Meanwhile, a Dutch company, Groasis B.V., argues that “once, most deserts were green, and the real cause of their existence and status now, is humanity itself.” The company states that, in many countries desert reforestation efforts occur with expensive and capital-intensive methods that often require subsidies to be stable. Groasis agrees with the Chinese and Israelis that markets are the real key to successful desert greening. Instead, they argue, “the problem should solve itself by developing a principle where an investor, NGO, or government can have a good return on investment by reforesting the deserts. ROI – not subsidy – is the key.
Perhaps Americans are not that interested in greening our own deserts because already we produce massive amounts of food in our fertile lands. But two factors make this a false security – the slow desertification of already arid lands within our borders and the environmental damage caused by the dumping of nutrients from midwestern farms into the Mississippi River Gulf Outlet that cause massive dead zones every year in the Gulf of Mexico.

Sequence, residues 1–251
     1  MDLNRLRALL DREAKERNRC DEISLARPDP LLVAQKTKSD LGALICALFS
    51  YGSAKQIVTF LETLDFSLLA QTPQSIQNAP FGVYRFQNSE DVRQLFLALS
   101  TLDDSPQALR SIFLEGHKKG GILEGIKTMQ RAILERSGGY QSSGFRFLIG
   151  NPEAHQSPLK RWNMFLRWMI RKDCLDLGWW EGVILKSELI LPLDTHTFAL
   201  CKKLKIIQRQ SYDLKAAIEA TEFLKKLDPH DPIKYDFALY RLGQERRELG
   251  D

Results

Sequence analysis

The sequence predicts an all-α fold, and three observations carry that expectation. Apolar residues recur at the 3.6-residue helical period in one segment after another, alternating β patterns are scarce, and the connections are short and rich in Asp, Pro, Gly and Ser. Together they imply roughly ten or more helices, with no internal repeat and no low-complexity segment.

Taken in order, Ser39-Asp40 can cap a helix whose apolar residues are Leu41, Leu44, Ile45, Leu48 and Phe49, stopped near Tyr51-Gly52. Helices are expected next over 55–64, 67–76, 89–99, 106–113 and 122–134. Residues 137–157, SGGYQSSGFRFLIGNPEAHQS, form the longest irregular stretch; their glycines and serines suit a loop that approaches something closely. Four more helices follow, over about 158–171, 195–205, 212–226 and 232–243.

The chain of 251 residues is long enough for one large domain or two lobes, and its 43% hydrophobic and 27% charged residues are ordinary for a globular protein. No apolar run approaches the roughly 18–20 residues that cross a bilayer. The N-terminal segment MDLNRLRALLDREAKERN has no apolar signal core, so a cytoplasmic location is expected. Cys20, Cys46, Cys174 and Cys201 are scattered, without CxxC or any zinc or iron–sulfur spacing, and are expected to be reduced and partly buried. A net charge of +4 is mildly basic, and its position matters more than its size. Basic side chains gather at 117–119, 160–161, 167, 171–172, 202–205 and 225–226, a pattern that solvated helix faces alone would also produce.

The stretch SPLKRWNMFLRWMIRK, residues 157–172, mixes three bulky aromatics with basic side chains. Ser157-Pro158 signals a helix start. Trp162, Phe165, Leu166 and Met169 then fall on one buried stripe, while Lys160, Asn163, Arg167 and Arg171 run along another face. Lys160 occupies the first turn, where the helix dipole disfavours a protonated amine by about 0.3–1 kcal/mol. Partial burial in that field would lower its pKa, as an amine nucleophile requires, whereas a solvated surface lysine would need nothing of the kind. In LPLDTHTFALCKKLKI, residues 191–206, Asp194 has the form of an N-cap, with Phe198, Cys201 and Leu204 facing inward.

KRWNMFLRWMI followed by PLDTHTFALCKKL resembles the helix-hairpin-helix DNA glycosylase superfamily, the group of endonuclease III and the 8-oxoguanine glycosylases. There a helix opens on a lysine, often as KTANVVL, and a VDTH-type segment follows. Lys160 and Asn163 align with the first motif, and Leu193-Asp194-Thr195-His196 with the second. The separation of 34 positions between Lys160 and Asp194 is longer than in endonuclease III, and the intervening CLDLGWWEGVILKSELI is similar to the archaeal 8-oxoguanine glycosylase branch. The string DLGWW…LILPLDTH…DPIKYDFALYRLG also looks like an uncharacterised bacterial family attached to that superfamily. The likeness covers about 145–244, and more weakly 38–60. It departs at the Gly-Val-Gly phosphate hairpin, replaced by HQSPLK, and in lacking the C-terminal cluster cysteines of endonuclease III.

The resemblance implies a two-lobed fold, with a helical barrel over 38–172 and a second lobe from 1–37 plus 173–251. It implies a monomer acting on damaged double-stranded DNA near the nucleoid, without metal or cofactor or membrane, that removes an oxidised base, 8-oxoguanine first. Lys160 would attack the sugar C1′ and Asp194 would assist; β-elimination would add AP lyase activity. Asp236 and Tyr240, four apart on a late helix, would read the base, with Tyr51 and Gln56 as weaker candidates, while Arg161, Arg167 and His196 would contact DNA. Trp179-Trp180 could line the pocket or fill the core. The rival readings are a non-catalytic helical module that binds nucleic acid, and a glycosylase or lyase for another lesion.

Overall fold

Yet perhaps the more important lesson for Americans to learn is that technologies that rely on subsidies are never going to be sustainable. That, and that it might take hard work to accomplish the goals of reversing desertification, but the results can be massive.
As Shea Gunther reported in Mother Nature News in 2013, “for every huge desert you show me, I can show you an area that was covered with life sometime in the not-too distant past.” The Sahara, he notes, was a lush place just 6,000 years ago, and the Arabian desert was once home to a large number of shallow lakes that supported a diverse community of animals, including hippos and water buffalo. Our own Mohave Desert was once marked by lakes and streams fed by retreating glaciers and sustained by wetter weather patterns.
Climates change locally over time, whether or not due to any human activity. But humanity can, it has been shown, profitably reclaim desert areas by focusing on return on investment – not just throwing money at a problem. This principle of course applies to just about everything else – though you might hardly know it if all you knew you learned in an American classroom.